The Assumption

The Assumption

The central mystery of Mary’s life and person is her divine motherhood. The Assumption completes God’s work in her. It was not fitting that the flesh that had given life to God himself should ever undergo corruption.

Even though the Assumption of Mary was not declared a dogma until 1950, the Church has held this teaching sacred from her earliest centuries. The Eastern rites of the Church in Egypt and Syria developed liturgies to the Blessed Virgin Mary celebrating her Dormition very early on. By the end of the sixth century, this feast had spread throughout the Eastern Empire and was to be celebrated on August 15.

This tradition made its way to France in the sixth century and was celebrated on January 18. Eventually this feast of the Dormition became known in the West as the Feast of the Assumption of the Blessed Virgin Mary, a teaching was accepted and celebrated in the universal Church in both the East and West. In 1950, in the Apostolic Constitution Munificentissimus Deus, Pope Pius XII proclaimed the Assumption of Mary a dogma of the Catholic Church in these words: “The Immaculate Mother of God, the ever-virgin Mary, having completed the course of her earthly life, was assumed body and soul into heaven.”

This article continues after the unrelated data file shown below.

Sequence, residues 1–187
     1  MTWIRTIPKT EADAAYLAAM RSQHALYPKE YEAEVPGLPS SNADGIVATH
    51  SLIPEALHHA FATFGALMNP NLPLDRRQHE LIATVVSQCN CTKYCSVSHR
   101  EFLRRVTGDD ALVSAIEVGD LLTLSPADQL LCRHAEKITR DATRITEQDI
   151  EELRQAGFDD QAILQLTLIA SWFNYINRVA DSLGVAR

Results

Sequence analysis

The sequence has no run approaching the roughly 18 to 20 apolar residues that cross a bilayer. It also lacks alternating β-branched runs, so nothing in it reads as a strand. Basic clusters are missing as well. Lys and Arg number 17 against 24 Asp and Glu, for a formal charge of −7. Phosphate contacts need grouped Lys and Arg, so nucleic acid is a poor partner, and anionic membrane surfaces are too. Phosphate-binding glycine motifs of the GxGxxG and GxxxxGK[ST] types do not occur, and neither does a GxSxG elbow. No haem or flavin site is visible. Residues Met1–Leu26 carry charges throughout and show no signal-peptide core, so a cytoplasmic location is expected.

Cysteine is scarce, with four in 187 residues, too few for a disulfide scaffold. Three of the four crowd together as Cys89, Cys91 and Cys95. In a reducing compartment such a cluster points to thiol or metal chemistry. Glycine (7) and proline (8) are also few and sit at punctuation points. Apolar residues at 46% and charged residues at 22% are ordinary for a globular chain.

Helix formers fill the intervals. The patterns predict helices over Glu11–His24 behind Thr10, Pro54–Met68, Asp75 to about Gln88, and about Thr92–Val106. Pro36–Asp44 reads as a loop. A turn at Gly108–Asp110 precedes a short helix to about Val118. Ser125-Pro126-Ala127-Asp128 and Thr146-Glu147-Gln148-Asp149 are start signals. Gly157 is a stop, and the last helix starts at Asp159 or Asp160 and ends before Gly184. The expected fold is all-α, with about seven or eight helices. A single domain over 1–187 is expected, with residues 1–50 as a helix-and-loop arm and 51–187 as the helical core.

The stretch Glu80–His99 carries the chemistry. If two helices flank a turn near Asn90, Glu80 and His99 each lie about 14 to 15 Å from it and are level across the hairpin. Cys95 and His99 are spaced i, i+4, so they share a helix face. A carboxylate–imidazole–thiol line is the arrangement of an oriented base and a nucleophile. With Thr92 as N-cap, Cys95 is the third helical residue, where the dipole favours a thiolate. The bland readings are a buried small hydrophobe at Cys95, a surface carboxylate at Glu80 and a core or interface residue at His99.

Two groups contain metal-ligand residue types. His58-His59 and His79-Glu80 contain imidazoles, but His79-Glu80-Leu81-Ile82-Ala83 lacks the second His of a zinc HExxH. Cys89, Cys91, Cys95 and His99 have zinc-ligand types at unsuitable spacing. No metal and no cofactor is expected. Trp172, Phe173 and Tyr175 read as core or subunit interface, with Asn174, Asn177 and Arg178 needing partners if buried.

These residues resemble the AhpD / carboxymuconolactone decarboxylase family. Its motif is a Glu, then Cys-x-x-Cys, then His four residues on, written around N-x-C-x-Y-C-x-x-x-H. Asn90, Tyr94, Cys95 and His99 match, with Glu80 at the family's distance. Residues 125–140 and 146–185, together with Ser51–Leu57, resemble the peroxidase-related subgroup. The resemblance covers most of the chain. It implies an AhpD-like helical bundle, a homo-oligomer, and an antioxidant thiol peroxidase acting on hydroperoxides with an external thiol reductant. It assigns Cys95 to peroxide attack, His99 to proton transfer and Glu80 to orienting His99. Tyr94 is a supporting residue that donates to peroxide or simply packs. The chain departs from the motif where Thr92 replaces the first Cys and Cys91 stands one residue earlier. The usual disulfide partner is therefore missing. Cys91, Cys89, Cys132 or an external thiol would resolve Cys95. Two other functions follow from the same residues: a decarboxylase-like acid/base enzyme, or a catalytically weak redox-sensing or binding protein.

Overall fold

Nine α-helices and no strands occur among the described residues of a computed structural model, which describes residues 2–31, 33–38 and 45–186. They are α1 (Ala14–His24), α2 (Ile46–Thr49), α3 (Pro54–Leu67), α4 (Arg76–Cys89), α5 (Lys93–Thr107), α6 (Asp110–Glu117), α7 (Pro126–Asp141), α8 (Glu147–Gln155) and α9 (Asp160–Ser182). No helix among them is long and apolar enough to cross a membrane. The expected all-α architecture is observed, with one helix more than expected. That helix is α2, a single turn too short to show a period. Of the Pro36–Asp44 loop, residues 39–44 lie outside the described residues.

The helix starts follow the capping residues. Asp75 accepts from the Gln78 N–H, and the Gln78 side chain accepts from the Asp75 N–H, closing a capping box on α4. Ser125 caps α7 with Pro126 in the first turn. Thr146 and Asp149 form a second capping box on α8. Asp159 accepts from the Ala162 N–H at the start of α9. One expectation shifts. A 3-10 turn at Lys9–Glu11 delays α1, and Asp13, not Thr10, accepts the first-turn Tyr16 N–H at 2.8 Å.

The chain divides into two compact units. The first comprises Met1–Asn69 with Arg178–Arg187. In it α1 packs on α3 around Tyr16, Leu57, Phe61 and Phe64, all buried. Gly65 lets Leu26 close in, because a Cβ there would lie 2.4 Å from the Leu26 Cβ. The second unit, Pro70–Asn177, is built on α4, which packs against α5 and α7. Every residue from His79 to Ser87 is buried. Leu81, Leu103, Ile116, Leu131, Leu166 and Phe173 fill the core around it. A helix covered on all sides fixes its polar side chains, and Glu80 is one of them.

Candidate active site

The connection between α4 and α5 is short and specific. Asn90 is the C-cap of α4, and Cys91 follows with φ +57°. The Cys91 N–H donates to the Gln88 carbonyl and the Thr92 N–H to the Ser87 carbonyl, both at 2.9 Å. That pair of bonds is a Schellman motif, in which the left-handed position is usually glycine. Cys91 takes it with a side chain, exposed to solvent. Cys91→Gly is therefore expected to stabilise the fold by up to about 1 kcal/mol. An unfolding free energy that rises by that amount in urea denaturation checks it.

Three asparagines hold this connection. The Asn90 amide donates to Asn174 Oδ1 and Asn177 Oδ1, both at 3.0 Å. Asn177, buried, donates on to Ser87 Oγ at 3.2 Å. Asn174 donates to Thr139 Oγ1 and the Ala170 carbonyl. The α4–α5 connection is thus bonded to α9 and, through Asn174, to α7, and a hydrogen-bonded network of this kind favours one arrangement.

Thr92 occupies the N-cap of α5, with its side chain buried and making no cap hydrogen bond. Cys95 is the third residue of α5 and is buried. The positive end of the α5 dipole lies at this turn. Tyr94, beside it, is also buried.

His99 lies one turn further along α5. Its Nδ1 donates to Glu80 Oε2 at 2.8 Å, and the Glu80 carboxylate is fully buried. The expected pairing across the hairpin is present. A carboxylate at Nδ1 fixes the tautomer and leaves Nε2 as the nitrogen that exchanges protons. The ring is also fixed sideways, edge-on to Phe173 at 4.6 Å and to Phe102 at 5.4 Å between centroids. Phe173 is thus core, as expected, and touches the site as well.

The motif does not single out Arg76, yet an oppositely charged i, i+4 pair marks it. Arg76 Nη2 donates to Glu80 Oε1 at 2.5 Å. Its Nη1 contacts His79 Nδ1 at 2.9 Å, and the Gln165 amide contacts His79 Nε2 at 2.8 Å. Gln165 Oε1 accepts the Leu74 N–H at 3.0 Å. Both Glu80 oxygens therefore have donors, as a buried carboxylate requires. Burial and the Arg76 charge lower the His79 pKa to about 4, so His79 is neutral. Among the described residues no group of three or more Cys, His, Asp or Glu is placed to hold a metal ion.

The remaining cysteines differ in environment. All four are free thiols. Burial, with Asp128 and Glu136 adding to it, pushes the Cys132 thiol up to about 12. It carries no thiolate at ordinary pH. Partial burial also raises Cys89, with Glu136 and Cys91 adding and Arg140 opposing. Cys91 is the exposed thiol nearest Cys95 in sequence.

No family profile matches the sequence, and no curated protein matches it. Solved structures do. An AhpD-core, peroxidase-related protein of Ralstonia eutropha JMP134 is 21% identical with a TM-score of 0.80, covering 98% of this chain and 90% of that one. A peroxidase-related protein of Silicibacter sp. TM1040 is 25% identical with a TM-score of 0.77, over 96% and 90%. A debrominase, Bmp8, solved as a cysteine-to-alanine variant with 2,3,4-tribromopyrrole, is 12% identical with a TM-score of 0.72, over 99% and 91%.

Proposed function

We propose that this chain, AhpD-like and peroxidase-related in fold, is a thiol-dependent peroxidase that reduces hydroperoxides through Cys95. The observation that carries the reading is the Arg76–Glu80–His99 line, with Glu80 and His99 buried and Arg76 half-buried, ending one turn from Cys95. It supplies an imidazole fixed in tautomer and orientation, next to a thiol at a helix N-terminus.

The Marian dogmas do not take away from our relationship with Jesus Christ, but only increase and strengthen it. If you want to get to know a person, spend time with his mother. The more time we spend with Mary and learn about her, the more we will come to know and love her Son Jesus.